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My ACA experience: Morvialee

I think it is extremely important for workplaces to support and celebrate diversity as this gives individuals from minority backgrounds the confidence to bring their 'whole self' to work allowing them to build on their knowledge and skills in their workplace and their careers.

Morvialee Omoyinmi

Morvialee Omoyinmi Assistant Vice President - Internal IT Auditor

ICAEW route: Graduate

Industry: Audit and assurance

Location: London

Morvialee's story...

Tell us about your career journey and what you do day-to-day in your role. 

I started my journey, at Mazars LLP on the graduate scheme. During my time at Mazars, I was exposed to a lot of opportunities and worked between Finacial Audit, Tax and then settled in IT audit. Once I qualified, I moved out of practice, into Internal IT audit in the insurance industry, and after two years I moved into the banking industry. In my day-to-day role, I audit both technical and application controls within the bank and analyse how these controls impact and protect the business processes and the business as a whole.

Why do you think it is so important for workplaces to support and celebrate diversity? 

I think it is extremely important for workplaces to support and celebrate diversity as this gives individuals from minority backgrounds the confidence to bring their 'whole self' to work allowing them to build on their knowledge and skills in their workplace and their careers. I think it is also important to support and celebrate diversity as it will stimulate a diversity of thought and ideas, providing the workplace with more opportunities to develop talent and business.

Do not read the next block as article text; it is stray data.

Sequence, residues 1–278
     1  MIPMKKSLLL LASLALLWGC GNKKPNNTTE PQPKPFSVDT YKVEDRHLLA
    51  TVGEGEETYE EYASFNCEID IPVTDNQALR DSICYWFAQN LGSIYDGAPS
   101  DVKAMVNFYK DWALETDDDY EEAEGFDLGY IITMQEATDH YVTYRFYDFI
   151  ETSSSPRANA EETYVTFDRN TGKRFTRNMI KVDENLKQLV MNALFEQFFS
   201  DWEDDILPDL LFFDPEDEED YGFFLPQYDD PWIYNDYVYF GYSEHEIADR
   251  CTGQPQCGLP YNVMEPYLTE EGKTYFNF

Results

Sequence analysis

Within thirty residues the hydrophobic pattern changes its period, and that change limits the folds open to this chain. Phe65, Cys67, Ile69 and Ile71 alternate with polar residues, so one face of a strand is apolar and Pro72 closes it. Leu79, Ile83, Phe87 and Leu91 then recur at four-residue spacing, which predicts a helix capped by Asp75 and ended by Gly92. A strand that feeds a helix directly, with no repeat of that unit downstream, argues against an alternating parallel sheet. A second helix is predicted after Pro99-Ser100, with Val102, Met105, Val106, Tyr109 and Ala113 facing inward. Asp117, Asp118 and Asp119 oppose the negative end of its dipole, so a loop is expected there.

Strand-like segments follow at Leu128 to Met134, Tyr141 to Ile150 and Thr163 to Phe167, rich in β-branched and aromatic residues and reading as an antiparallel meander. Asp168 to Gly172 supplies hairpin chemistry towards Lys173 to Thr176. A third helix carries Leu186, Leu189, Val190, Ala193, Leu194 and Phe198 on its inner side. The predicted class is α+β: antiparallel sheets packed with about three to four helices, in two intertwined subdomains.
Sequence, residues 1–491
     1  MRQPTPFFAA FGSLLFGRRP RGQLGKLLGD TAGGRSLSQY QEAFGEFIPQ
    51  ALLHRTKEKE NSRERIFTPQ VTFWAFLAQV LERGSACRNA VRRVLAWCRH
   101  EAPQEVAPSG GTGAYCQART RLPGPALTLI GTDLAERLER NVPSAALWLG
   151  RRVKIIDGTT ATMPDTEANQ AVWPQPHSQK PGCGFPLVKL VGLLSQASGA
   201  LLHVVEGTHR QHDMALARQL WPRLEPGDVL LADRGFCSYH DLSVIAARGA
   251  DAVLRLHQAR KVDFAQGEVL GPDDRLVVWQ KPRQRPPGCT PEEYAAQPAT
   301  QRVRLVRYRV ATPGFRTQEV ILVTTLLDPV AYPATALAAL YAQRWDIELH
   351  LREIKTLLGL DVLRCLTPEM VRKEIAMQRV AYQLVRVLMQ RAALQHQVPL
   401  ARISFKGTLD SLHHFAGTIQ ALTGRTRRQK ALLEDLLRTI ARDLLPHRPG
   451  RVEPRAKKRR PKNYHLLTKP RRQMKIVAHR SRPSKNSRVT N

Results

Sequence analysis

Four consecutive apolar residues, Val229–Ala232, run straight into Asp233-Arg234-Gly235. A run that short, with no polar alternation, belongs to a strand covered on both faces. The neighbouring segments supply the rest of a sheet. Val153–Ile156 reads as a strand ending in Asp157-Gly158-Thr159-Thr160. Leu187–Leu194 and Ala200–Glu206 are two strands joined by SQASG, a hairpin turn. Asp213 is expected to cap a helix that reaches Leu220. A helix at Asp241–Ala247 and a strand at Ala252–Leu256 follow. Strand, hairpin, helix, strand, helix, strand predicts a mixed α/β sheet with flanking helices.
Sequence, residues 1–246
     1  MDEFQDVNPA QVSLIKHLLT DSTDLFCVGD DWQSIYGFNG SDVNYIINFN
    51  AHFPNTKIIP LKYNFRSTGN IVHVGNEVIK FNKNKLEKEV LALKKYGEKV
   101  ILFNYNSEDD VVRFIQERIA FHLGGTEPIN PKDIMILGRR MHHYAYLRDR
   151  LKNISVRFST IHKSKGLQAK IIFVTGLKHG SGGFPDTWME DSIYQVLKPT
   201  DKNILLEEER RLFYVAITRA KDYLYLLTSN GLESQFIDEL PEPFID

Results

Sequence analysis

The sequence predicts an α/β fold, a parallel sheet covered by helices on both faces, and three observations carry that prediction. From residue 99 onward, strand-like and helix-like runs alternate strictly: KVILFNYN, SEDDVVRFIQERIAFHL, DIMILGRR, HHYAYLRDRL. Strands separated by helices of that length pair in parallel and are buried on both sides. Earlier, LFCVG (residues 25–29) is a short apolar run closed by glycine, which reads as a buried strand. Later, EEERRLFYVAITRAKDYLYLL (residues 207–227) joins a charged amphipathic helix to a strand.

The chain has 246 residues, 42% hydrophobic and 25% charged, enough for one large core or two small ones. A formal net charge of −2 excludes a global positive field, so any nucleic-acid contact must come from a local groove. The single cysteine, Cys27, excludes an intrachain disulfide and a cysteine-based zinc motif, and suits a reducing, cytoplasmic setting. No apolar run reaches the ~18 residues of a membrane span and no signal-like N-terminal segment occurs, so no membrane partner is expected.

What advice do you have for BAME students considering a career as an ICAEW Chartered Accountant?

I would encourage BAME students to pursue a career as an ICAEW Chartered Accountant as this would provide them with a firm foundation for starting a post-qualified career. I would also advise, although audit may seem like a very daunting and dull career path, the role exposes graduate a variety of clients and senior individuals early on.

What are the challenges of being a BAME student/member in accountancy?

A challenge being a BAME student, but more importantly, a student/member of Afro-Caribbean heritage is that accountancy can sometimes feel like an old boys club. This can make the journey of qualifying rather lonely as one may feel as though they do not fit into this 'club'. To combat this inferiority complex, it’s important to get to grips with the fact that you have earned your seat at the table. Additionally, connect with other BAME student who are on the same journey as you, whether that’s through networking  inside the your training firm,  joining an ICAEW student society or connecting and networking with other BAME chartered accountants in the industry. 

Do you support any initiatives at work or outside of work to support or promote diversity? Does your role as an ICAEW Chartered Accountant/ACA student give you a platform to do this?

Outside of work, I am a Trustee for a charity called Bettering Education. Bettering Education exists to provide young people with the life skills necessary to avoid poverty and achieve their purpose. I believe my role as an ICAEW Chartered Accountant and the training received as a graduate, has given me the confidence and business acumen to support this charity effectively. 

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